• Peru?

    by  • August 17, 2007 • Hexayurt • 3 Comments

    Matthew suggests sending me to Peru. I replied on Treehugger:

    Oh, I’d be up for it but we need these tested – I mean **really** tested – before we start putting other people’s lives on the line.

    Give us a year or two of well-funded practice runs, then we’ll talk about *really* being able to go out to a place like Peru with a smooth, well-oiled team and actually crank out housing for 50,000 people in a long weekend.

    And it’s not that government has no role here. It’s a question of math.

    Say you’ve got a disaster like the potential Bay Quake. That’s something like 7 million people in the area. I don’t know what percentage of people would need to be rehoused in a disaster, but I’m going to say 20% – 1.2 million people.

    Now, you’re the government. You rally everybody you can find, and you turn up with 100,000 first responders. That’s about half the size of the force in Iraq right now – a flat-out, everything-we’ve-got effort.

    So you have one first responder for every 12 people who need a new place to live. That’s hardly enough to make the phone calls, never mind build a structure.

    You have one first responder per every 70 people in the area. Injured people take a lot of time to treat and transport, and frequently need the help of an entire team. Infrastructure issues, like shutting down gas lines or dealing with power issues or trying to manage things like broken sewer pipes all take focus.

    I mean, just think about this step-by-step… if you were a first responder, and had 12 people to find housing for, and 70 people to help in all the other ways they need, including medical…

    how would you cope?

    So that’s what government can’t do: it can’t put enough uniforms into the situation to take care of people. There’s just no government on earth large enough to manage that in really big disasters.

    So what’s your plan B? Person-to-person help. But that requires all kinds of changes to the way we do things. I think we should be thinking about measures like making basic first aid training a part of high school and driver’s ed. I think that CPR and higher level first aid skills should get you a tax credit every year that you carry that skill, even if it’s only a few hundred bucks, with retesting every 10 years or so. Maybe even extend that kind of approach to other useful skills.

    Then we start thinking about disaster planning and equipment. Just open that puppy right up: publish the response plans, hold open workshops where they are discussed and refined and disseminated. Carry the awareness.

    Imagine how much less horrible Katerina would have been if people had done really serious thinking **in partnership** with the government ahead of time, thinking through the details.

    Now, that was a disaster we could foresee: we knew *what could happen* – “water is coming.” We knew roughly when – there was a little notice, a few days. But still we wound up with the Superdome fiasco, and tragic scenes like the fifty parked school busses six feet deep in water, unable to move anybody, because nobody had figured out they would be needed and driven them to high ground.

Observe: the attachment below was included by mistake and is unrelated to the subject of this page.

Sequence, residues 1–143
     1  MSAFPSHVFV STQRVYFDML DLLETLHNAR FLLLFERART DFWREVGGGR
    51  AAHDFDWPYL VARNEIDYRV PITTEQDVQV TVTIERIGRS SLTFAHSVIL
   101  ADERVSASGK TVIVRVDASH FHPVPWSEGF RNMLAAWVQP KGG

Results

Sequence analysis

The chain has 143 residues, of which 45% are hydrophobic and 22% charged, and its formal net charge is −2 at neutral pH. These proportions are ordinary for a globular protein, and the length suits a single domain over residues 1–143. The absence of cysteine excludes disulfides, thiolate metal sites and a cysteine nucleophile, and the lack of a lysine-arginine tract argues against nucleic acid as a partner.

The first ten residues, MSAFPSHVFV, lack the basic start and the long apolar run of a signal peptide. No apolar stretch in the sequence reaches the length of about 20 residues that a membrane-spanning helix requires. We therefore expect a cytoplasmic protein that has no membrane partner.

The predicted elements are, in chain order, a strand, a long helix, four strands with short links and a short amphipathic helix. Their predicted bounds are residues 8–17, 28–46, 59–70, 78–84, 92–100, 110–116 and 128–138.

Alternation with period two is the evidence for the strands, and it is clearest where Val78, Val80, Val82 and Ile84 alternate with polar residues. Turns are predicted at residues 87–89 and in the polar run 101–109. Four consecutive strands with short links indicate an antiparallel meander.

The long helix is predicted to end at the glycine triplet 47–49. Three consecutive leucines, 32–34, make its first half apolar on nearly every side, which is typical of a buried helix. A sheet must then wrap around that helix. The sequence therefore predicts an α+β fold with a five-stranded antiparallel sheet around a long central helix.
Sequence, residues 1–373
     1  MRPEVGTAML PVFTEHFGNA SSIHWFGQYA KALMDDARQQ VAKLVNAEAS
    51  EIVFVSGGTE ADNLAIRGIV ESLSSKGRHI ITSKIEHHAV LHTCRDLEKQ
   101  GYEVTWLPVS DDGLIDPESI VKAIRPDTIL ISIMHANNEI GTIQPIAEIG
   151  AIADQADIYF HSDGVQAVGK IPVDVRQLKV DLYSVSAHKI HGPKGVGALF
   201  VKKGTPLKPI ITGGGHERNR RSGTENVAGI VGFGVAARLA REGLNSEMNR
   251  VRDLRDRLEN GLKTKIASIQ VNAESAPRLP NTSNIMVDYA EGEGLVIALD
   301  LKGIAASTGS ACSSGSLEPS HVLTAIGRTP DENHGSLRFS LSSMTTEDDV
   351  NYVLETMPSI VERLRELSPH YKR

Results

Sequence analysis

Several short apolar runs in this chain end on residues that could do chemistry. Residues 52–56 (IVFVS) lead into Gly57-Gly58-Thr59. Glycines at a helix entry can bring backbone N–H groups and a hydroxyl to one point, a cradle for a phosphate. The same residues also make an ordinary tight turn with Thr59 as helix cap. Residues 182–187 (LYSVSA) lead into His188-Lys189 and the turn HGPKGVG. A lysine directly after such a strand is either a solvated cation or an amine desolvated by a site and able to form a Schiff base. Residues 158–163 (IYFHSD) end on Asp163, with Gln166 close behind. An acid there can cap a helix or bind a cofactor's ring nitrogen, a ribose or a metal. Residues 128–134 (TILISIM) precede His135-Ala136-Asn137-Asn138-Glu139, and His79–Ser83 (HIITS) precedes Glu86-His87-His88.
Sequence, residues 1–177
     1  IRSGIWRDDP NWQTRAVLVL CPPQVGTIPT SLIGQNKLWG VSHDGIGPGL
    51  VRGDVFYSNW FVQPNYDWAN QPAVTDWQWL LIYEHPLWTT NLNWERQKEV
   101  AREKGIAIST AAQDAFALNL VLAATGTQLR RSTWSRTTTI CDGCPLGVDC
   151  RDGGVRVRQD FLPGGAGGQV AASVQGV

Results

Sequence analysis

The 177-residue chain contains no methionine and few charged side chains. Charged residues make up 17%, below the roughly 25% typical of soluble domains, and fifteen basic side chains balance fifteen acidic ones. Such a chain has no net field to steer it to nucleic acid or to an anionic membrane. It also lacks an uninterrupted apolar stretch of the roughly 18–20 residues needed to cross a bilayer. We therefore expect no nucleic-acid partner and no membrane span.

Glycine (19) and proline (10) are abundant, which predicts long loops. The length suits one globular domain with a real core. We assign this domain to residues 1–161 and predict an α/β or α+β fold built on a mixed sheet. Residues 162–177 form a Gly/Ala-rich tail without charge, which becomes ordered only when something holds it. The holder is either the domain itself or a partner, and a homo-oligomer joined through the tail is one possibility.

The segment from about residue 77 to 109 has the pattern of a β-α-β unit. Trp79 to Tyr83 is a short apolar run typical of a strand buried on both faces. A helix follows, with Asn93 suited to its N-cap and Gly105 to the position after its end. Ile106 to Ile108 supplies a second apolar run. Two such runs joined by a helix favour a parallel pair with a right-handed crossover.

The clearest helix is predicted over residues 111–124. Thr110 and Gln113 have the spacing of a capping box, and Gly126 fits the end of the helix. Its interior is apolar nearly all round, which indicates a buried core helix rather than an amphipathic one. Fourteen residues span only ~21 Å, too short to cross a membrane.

The Bay Quake (and other earthquake risk areas, like the New Madrid fault line that’s near Memphis) are like this. If those pop, then the general pattern of the situation is well understood.

    This is also true for terrorism. We know the general shape of what might be out there: nuclear weapons, dirty bombs, and various kinds of bioweapons. Chemical weapons are extremely nasty, but the area of effect is typically more confined. So pretty much every adult American should know what to do if one of these things happens in their nearest major city.

    Think about that.

    Just, take a moment, and think about it.

    That means you have to understand a bit of science about radiation and disease agents. Maybe you need some N95 nurse masks in your house. Maybe you need a two week supply of food and water, and a way to make a toilet if your regular one stops working. Maybe a lot of things.

    This knowledge lives with the government. They have the real experts in knowing what to do. The problem is that actually talking through these risks scares people really, really badly and as a result, the government tends not to do it. There’s all kinds of information out there – Ready.gov for example.

    Anybody doing everything that Ready.gov recommends?

    So this is the core: we have to start getting realistic about the manpower limits of government, and we have to start transferring accurate information about what to do in worst case scenarios to the people in a way which is organized, realistic, and frankly, pretty terrifying.

    That’s basically how I see it. The government figures out what to do, and builds some of the technology. First responders like firefighters and the national guard do the hardest stuff – dealing with the very injured, managing critical parts of evacuation or response – and the people, with better training and a realistic perspective, do as much as possible to prepare ahead of time, based on accurate and realistic scenario modeling.

    I think this kind of resilience building approach would make us all feel much less powerless in the face of all of the kinds of events which might give us reason to leave our homes or feel endangered in them, from bird flu to terrorism.


    Vinay Gupta is a consultant on disaster relief and risk management.


    3 Responses to Peru?

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